Resistance has often been connected with anti-social attitudes, destructiveness, reactionary or revolutionary ideologies, unusual and sudden explosions of violence and emotional outbursts. This book goes beyond these conventions.
Exploring various key questions, ranging from concept definitions of affect and temporality, to complex entanglements of various social dimensions and ethical questions, this accessible guide provides a robust theoretical and methodological framework for researching of resistance and social change.
By drawing connections between resistance and politics, between performance and everyday strategies, and between the juridical and its counter-strategies, this book provides students with a transdisciplinary understanding of contemporary debates in this emerging field.
1. Introduction: Resistance Studies as an Academic Pursuit / 2. Defining and Categorising “Resistance” / 3. Sovereign Power, Disciplinary power and Biopower: Resisting what Power with what Resistance / 4. How Resistance Encourages Resistance: Theorising the Nexus between Power, “Organised Resistance” and “Everyday Resistance” / 5. Exploring “Irrational” Resistance /6. Affects and Resistance Studies /. Fighting with and against the Time: The “Queering” of Time as Resistance /8. Moral Compulsions, Everyday Resistance and Ethical Research /9. The Ethical Aspects of the “Strategy of Legal Rupture” as Resistance / 10. Conclusion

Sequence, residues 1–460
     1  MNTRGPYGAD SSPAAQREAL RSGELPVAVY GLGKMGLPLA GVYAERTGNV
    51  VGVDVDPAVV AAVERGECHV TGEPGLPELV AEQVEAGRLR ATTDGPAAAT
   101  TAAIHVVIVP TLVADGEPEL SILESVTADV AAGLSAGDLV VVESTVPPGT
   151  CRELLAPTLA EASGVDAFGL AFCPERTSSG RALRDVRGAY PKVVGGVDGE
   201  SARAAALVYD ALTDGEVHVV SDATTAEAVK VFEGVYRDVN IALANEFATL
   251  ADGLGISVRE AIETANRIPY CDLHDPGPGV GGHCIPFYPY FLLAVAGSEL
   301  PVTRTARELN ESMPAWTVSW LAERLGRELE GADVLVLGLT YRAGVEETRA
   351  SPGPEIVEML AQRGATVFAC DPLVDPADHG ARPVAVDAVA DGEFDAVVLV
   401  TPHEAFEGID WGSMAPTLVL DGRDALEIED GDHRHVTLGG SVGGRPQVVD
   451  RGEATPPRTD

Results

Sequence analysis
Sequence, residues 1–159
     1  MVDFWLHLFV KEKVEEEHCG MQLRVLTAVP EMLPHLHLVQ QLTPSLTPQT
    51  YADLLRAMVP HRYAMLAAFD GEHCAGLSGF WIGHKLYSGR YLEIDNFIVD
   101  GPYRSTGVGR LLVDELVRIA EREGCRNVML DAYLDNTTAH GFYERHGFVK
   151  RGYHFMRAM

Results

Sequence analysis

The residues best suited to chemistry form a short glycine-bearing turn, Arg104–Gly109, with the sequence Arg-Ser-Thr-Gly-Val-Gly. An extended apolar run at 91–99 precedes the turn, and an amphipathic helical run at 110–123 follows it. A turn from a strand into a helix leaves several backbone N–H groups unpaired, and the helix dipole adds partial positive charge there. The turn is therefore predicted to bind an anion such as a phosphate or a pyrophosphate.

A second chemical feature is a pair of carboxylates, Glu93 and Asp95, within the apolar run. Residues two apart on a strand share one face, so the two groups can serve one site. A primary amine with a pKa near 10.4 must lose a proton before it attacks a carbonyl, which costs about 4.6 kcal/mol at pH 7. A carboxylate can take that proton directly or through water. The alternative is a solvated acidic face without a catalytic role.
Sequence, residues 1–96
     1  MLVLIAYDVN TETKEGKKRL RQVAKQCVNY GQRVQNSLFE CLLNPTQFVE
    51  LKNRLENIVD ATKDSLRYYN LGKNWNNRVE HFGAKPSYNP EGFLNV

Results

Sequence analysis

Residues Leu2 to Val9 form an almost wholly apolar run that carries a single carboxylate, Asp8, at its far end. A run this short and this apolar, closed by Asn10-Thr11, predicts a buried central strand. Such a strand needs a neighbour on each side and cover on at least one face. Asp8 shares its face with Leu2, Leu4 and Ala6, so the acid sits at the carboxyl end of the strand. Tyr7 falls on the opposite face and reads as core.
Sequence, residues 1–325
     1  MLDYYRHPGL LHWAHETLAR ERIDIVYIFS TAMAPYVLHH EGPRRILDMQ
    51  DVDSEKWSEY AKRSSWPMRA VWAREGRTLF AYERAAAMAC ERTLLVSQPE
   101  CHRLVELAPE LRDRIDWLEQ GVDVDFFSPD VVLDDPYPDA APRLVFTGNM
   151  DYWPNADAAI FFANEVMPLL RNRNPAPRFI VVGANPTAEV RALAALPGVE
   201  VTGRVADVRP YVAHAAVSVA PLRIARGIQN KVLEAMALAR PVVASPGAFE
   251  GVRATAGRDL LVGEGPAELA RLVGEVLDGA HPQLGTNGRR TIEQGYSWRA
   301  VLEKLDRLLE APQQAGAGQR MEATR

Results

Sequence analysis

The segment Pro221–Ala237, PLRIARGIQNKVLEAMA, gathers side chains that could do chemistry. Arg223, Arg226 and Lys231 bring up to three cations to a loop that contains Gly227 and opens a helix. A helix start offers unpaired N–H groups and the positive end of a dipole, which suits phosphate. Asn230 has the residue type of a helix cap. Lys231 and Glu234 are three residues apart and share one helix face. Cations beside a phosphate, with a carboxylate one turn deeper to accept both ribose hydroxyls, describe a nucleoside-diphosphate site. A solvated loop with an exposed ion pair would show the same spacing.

Mikael Baaz is Associate Professor in Peace and Conflict Studies and a Senior Lecturer in
International Law at the School of Business, Economics and Law, the University of
Mona Lilja is a Professor in Sociology at Karlstad University.
Stellan Vinthagen is Endowed Chair in the Study of Nonviolent Direct Action and Civil
Resistance and Professor of Sociology, University of Massachusetts Amherst.
This is an important book that fills a needed ‘hole’ in our understandings of power and resistance. One of its strengths is the consistent focus on how resistance itself is productive of further resistance…. I would recommend it to advanced undergraduate classes in globalization because often those classes only tell students about the oppressive and destructive aspects of global power relations; students come out of those classes depressed and cynical. This book is a needed corrective. Upper division political science and sociology classes on social change could use this book as required reading.
In an era of new authoritarianism and popular resistance it is hardly possible for this text to be timelier. Long overdue, this well-crafted text provides some coherence, most importantly a sophisticated theoretical integrity and congruity, to the (rather) far-flung field of what might be fruitfully understood as resistance studies. Indispensable, invigorating, and inspirational, this ambitious and engaging work limns out a field in progress, opening up a critical conversation about where we are going and how. At a time and place where ‘resistance’ is bandied about with ample recognition but little attention to detail, this is a vital project.